Saturday, December 07, 2002

Fourteen, Three, and Two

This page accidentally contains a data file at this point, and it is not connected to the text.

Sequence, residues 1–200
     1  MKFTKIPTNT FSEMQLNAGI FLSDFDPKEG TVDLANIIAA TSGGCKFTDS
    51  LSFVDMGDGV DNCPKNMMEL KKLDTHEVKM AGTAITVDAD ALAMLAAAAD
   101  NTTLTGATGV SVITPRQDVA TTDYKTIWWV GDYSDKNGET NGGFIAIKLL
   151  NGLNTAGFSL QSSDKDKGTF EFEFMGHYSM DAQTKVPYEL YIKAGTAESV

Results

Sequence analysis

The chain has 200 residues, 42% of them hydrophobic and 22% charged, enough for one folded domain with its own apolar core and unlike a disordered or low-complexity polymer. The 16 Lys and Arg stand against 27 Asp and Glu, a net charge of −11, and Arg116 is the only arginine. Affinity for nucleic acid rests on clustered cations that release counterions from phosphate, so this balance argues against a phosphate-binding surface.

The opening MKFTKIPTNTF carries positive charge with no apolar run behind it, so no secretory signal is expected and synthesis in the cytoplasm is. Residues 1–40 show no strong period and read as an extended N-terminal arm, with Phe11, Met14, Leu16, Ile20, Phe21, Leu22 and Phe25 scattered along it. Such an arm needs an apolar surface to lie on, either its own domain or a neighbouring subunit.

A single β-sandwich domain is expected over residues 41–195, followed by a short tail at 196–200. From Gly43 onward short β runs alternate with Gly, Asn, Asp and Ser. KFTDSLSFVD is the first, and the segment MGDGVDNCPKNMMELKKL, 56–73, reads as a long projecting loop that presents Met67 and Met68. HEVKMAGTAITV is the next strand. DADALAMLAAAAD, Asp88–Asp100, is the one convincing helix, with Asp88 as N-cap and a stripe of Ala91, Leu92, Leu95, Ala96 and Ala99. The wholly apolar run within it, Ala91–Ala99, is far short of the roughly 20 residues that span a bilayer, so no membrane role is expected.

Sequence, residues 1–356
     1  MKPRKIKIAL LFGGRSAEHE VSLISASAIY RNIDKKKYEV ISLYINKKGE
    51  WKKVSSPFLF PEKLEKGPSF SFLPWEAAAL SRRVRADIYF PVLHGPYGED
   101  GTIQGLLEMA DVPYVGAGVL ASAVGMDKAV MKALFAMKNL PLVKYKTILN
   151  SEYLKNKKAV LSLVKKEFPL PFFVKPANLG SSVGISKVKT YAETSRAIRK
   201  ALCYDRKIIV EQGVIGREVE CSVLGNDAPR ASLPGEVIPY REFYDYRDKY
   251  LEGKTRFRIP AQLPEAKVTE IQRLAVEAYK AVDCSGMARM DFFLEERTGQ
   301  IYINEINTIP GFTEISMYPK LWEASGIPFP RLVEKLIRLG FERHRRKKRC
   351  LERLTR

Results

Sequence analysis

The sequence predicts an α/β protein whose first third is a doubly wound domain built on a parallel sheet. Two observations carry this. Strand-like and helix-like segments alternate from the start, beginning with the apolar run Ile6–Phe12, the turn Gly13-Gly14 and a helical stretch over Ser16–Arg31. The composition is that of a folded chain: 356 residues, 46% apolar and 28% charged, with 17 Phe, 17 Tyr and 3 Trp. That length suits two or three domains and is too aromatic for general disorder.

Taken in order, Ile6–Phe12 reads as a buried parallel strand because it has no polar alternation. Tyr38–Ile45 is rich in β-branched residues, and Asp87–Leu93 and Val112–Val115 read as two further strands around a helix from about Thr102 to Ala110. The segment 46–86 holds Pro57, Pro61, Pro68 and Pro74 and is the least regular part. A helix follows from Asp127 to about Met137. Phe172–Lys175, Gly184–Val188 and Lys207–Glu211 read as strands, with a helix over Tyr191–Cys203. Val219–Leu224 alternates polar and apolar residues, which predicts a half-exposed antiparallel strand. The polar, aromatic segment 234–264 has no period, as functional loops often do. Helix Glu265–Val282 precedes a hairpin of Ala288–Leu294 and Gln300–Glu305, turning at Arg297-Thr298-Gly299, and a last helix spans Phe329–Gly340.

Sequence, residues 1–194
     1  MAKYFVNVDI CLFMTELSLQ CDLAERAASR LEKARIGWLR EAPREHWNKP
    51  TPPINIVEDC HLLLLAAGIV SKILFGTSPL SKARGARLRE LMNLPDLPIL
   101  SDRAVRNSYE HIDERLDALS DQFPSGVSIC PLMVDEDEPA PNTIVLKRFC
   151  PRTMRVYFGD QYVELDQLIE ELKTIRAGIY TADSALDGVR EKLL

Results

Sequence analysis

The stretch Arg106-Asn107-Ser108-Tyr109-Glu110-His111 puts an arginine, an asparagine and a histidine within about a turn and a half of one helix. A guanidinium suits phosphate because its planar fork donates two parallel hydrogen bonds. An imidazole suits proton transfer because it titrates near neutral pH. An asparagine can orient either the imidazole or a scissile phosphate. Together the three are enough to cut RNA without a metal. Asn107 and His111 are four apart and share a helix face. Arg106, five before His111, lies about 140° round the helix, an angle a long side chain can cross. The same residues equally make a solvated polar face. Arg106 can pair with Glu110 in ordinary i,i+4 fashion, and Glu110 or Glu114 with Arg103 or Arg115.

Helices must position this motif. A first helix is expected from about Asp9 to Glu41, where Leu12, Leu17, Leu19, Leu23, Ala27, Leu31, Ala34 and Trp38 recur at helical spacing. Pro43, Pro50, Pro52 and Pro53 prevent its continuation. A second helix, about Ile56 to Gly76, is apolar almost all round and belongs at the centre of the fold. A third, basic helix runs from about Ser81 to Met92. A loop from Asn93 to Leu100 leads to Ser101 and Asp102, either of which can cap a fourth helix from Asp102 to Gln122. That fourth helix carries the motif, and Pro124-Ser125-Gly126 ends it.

Those are the numbers of waterfowl still present yesterday afternoon in the one remaining small area of open water on Caledonia Pond in eastern Berkeley County, West Virginia: 14 Canada Geese, 3 Ring-necked Ducks, and 2 Ruddy Ducks. A scene of impending tragedy. Will the companionship and reassuring presence of the Canada Geese lure the Ring-necked Ducks and Ruddy Ducks to their deaths? If need be, the Canada Geese can easily crawl up onto the surface of the ice (just as a few birds were yesterday) and take wing from there. The Ring-necked Ducks and Ruddy Ducks are less likely to be able to do so. These diving birds are superby designed for underwater pursuit of their aquatic prey. But these adaptations have also left them with certain vulnerabilities. Their relatively heavy bodies and small wing areas makes it difficult for them to become airborne from the surface of the water. In fact, they usually do so only with great difficulty, and then only after paddling across the surface of the water for some distance with wings beating widly. If there is a stiff headwind blowing, so much the better. With air temperatures dropping to single digits this morning and with virtually no wind, it is doubtful that Caledonia Pond will have any open water at all this morning. Did the Ring-necked Ducks and Ruddy Ducks have the sense to leave the security of the open water while they still could, or will they find themselves trapped in the ice, facing certain death in winter's cruel grasp?

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